For projects, the missing piece to this puzzle has always been that you cannot build the same project twice in order to quantify what the savings would be in direct comparison to having it built traditionally.
Technology vendors say that BIM tools are the enabler to improved production of a project through a return to best practice project management. They are tools for companies to create efficiencies within their workflows and business operations. They allow project teams to economise and leverage their resources through upskilling and have more immediate access to information in a way that has never been possible before on a project.
By way of example, the Dutch company, Vabi, has just released the Vabi Financial Simulator™ which is a plugin for Autodesk Revit®. It has been specifically designed to bring together and display financial performance data across BIM design teams to demonstrate P&L, Balance Sheet, Discounted Cash Flow and ROI impacts of design decisions. We are likely to see more of this type of technology as we focus as an industry on how to determine savings during early stages of design seek greater assurance on the longer term viability of a project.
The Stanford University Centre for Integrated Facility Engineering is well referenced in relation to its 2007 report on a study of 32 projects from across the US, Europe and Asia. The study is reported to have shown that when used on a project BIM could eliminate up to 40% of unbudgeted changes, increase cost estimation accuracy to within 3% and reduced the time taken to generate a cost estimate by 80%.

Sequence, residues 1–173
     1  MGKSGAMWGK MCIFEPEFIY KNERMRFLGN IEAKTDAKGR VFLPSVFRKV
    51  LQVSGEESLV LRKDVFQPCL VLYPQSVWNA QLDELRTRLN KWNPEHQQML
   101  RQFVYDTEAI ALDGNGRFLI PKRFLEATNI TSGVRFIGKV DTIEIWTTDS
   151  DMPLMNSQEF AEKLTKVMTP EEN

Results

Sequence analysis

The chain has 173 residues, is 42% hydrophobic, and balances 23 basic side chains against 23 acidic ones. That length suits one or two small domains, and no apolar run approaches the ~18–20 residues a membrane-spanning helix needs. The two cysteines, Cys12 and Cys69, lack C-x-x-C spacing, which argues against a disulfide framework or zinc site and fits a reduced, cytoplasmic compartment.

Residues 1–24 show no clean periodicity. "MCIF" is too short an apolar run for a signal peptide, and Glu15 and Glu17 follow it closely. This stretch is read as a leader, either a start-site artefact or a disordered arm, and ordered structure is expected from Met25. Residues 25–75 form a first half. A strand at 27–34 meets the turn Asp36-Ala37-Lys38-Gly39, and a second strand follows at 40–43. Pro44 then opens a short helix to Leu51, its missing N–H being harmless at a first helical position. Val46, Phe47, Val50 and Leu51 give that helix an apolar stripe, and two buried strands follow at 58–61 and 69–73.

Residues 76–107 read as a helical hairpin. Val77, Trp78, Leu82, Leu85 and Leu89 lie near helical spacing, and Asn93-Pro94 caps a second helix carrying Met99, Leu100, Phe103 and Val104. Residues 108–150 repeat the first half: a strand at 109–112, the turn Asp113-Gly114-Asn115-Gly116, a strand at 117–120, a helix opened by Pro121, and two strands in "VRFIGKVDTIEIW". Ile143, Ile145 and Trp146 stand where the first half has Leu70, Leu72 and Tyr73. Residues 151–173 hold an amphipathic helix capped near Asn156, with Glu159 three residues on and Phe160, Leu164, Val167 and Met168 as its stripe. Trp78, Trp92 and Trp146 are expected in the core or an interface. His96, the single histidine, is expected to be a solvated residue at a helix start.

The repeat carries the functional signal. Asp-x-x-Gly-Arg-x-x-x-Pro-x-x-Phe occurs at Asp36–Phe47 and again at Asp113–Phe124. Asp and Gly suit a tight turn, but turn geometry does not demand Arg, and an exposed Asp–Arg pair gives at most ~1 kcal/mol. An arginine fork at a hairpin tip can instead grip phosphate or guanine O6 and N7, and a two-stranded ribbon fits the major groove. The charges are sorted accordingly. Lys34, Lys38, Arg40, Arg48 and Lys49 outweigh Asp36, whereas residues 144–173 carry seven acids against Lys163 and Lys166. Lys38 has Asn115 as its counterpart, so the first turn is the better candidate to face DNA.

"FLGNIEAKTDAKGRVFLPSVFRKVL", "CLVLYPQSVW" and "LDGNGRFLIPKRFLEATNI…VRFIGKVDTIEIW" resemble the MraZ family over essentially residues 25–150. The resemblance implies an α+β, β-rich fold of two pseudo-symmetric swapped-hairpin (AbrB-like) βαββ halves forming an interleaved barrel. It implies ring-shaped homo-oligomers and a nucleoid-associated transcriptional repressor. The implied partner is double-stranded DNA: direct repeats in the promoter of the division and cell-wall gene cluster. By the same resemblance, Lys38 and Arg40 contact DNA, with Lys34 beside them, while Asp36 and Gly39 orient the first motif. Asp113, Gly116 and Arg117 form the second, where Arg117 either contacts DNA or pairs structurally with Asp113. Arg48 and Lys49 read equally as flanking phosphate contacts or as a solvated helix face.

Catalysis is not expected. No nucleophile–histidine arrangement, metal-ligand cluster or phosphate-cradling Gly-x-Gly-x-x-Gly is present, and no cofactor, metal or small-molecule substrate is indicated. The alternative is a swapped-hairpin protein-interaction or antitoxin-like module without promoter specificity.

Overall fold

In 2010 Allen Consulting Group published the results of its industry sponsored study into the impacts of BIM on productivity. The study’s findings reported that the accelerated and widespread adoption of BIM on the Australian economy was likely to increase GDP by 0.2 basis points in 2011. Whilst this may not seem much, the study also noted the likelihood of a cumulative effect given the likely increase in the pace of adoption by 2025. This would mean an increase of 5 basis points in comparison to what they describe as a “business as usual” scenario.
Real Return on Investment – Is the Secret Already Out?
In this first article of a 3 part series on ROI and BIM, we have compiled a number of stories from owners and stakeholders who have accepted the early evidence and are forging ahead with BIM adoption to hold the construction industry and supply chain to account. These organisations are already establishing the metrics and benchmarking against the data to realise project savings and returns for the life of an asset.
Owners and Stakeholders
The UK Government has published cost data since 2012 in relation to achieving its overarching target of a sustainable reduction in the cost of construction by 15-20% by 2016. Their July 2014 data report, “UK Departmental Cost Benchmarks Cost Reduction Trajectories and Cost Reductions” demonstrates a continued decline in costs and further evidences that the target “remains practicable”. Trial procurement projects with set cost reduction targets and publicly documented are:
- £212m New Prison, Wrexham, North Wales, where construction began in May 2015 and is expected to be completed in 2017, has a 26% cost reduction target.